Uh oh, this is going to be a long one! Grab a cup of coffee or tea, and enjoy!
There’s a long narrow strip of western Idaho that’s lush, gorgeous, and green, all the way from Boise in the south to tiny Bonner’s Ferry up in the panhandle near Canada…and after 4000+ miles, it’s along that route that we found a few places to add to an “our spot” list. Let’s start with Boise!
But, wait…long before reaching Boise, Idaho’s capital city, we drove across the southern part of the state from Jackson, Wyoming. We traversed miles and miles of high desert, with occasional cows, scruffy grass, and dusty hills interrupting the ruler-straight highway vista, until before our eyes, as if in a science fiction movie, appeared the following signs:
How could we not stop and visit? What the heck does EBR-I stand for? We learned it means Experimental Breeder Reactor One – the very first in the U.S. In 1951, EBR-1 created enough electricity from nuclear power to light 4 200-watt bulbs. The EBR-I museum is a time capsule of the 1950’s, and a superb short lesson in the U.S.A.’s nuclear power history. Even with the warning that residual radioactivity (“not harmful”) was still decaying away but bound to certain places in the facility (those areas marked so helpfully by a purplish triangle), we spent about 45” wandering through the original nuclear power plant, exploring the former core of the breeder reactor, playing with the “grabbers” used to handle the fuel rods, and murmuring over the antique looking chains, pulleys and massive hooks that were used to move material around in the new atomic age. The pioneering scientists who worked here were at the very edge of technological exploration, and it was a remarkable and unexpected lesson along our road. If you’re ever on Route 26 in Idaho, do NOT pass this by – you may learn something, and you’ll certainly feel like you’ve become an extra in the 1964 film, Dr. Strangelove. Curiously, the film was made the same year that EBR-I was decommissioned…
We reached our stop in Sun Valley not long after the EBR-I visit, travelling from desert to the mountains and through the small towns of Hailey and Ketchum, both towns growing rapidly and increasing in price for real estate – thus not candidates for “our spot!” We were generally dissuaded of any thought of settling in the Sun Valley area, though it was beautiful and there are great community activities (concerts, films, book talks) many of them free due to the beneficence of the Holding family who now own the resort. They’ve built a wonderful outdoor concert venue and continue to play a major philanthropic role in the town. For those with any political or U.S. history interests, here’s a tidbit: Sun Valley Resort was developed by Averill Harriman, when he was chairman of the Union Pacific Railroad in the 1930’s, long before he begin his famed political career.
Back to the trip! Two days passed quickly with friends who are long time Sun Valley residents and gave us a good look at what life in this lovely mountain retreat might be like. We had a great hike in the lower mountains and an even more fun time participating in trivia night at the local dive bar…how lucky for us that many of the first questions were about Japan! CW continued his local/craft brewery tour with a visit to Sawtooth Brewing in Ketchum.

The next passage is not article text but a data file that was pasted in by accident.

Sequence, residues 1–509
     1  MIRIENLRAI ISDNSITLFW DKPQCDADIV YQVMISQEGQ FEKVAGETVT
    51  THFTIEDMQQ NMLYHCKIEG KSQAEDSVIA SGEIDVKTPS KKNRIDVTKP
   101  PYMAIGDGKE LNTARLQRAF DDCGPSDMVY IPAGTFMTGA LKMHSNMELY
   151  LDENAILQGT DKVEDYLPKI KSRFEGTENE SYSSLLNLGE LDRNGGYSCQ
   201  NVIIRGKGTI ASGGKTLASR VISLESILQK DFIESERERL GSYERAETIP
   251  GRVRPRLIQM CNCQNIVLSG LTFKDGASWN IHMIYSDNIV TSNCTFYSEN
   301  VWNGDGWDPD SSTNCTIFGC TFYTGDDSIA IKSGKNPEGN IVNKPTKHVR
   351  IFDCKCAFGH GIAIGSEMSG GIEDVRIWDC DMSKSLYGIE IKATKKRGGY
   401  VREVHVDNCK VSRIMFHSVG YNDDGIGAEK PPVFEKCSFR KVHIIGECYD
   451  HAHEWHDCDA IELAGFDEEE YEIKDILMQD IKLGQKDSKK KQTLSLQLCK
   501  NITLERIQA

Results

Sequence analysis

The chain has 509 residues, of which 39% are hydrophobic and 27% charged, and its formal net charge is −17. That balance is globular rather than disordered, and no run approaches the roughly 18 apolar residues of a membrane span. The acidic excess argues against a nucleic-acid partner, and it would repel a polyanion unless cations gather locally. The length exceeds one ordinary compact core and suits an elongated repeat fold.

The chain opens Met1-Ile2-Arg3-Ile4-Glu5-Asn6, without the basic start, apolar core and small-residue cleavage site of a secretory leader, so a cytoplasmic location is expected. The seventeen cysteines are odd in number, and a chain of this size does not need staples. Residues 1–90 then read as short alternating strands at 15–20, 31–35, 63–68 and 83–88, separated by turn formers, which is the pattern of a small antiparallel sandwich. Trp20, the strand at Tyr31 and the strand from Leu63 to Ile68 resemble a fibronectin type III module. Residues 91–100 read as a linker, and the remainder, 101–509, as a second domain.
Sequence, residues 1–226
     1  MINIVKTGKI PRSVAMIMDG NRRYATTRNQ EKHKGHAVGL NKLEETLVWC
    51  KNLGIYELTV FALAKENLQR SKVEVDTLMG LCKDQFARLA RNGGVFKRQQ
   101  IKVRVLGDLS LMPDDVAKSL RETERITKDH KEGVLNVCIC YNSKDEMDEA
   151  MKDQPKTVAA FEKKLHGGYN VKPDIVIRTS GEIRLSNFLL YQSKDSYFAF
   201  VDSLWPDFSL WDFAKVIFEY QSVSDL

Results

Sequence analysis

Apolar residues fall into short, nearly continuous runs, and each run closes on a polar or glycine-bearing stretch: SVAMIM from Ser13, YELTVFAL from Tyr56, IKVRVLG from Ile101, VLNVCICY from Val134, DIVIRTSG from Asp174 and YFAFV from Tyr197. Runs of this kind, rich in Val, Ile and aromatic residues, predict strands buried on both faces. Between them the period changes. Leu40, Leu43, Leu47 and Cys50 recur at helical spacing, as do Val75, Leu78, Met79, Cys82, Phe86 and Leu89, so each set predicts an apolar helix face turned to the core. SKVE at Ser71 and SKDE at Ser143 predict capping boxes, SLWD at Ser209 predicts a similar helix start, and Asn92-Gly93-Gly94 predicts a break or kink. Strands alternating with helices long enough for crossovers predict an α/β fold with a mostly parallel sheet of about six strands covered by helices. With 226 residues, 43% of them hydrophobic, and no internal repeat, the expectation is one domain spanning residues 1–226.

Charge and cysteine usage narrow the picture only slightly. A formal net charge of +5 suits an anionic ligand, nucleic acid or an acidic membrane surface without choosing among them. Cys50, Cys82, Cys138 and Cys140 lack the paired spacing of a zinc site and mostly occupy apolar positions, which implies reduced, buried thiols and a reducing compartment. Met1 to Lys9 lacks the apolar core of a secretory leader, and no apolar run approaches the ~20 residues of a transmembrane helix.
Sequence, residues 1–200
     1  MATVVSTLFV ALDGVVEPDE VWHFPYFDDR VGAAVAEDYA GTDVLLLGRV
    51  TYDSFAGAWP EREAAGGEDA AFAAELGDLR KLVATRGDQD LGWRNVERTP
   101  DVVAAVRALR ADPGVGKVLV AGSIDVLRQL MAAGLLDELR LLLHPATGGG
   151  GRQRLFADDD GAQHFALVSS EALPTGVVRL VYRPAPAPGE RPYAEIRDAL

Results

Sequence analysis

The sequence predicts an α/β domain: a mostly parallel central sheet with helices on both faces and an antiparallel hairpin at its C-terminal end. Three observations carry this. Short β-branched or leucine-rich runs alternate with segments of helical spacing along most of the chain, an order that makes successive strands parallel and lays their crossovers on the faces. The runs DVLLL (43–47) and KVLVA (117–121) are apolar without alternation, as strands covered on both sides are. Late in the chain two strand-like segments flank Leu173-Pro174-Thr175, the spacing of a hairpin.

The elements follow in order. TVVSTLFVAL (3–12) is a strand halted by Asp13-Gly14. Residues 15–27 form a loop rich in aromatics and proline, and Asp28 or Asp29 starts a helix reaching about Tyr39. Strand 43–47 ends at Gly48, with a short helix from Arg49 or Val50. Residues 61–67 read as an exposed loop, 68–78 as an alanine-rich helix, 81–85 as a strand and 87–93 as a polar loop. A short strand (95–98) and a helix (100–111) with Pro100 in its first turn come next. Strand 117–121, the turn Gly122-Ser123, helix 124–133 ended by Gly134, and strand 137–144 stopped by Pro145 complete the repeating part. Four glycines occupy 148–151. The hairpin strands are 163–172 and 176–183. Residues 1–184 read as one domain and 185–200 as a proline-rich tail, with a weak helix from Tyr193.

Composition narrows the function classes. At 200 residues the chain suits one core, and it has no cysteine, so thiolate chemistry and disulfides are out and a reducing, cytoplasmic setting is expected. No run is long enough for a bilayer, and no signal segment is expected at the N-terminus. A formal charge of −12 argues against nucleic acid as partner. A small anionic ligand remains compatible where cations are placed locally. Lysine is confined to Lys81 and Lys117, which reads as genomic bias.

Sun Valley might have been our spot – 20 years ago, when prices were lower… We left for Boise after an amazing breakfast in Stanley, Idaho, a rafting and hiking base about an hour northwest of Sun Valley… with all that sunshine, an outdoor deck, great coffee, and good friends – it was a very hard combination to leave.
We’ve been to Boise a couple of times, and always left with a lingering feeling that we could perhaps find our spot there. How does it meet the informal checklist? (A checklist that is going to have to take on substance soon, if we’re going to keep track of the growing number of locations that have whispered to us “stay here” or “come back…”)
Let’s recap some of the criteria: access to hiking and the outdoors; culture; cultural diversity; a sustainable economy and food system; community; education; health care; climate…among a few others.
It seems CW and I are not the only ones exploring. I was amused to read this article in the New York Times! www.nytimes.com/2014/06/14/your-money/Finding-the-Right-Place-to-Retire.html
The Boise farm market was great fun, as was the Boise Art Museum, which has an exhibit called “Crafting a Continuum” until August 9, 2014. (http://www.boiseartmuseum.org/) The ceramics, wood and fiber exhibit explores the permeable boundary that has developed between craft and art, asking us to accept functional, beautiful items as pieces of art (I have no problem with that – in fact, if a piece of art can be touched, caressed, and drawn into daily life, all the better!) Anyway, a gem of a museum, and an unexpected and appealing part of downtown Boise. More on Boise if and when I recap all those “our spots” that we find along the way.
We travelled north and enjoyed a few days on Lake Coeur D’Alene, again, courtesy of some very kind friends, and yes, “C D’A” is also an “our spot” candidate. The drive was gorgeous all the way there, and while we’ve been super lucky with the weather so far, I think it would be great even in the rain.
After a couple of days on the water and exploring the towns of Coeur D’Alene and Bonner’s Ferry, we got our passports in order and headed for Canada. À bientôt!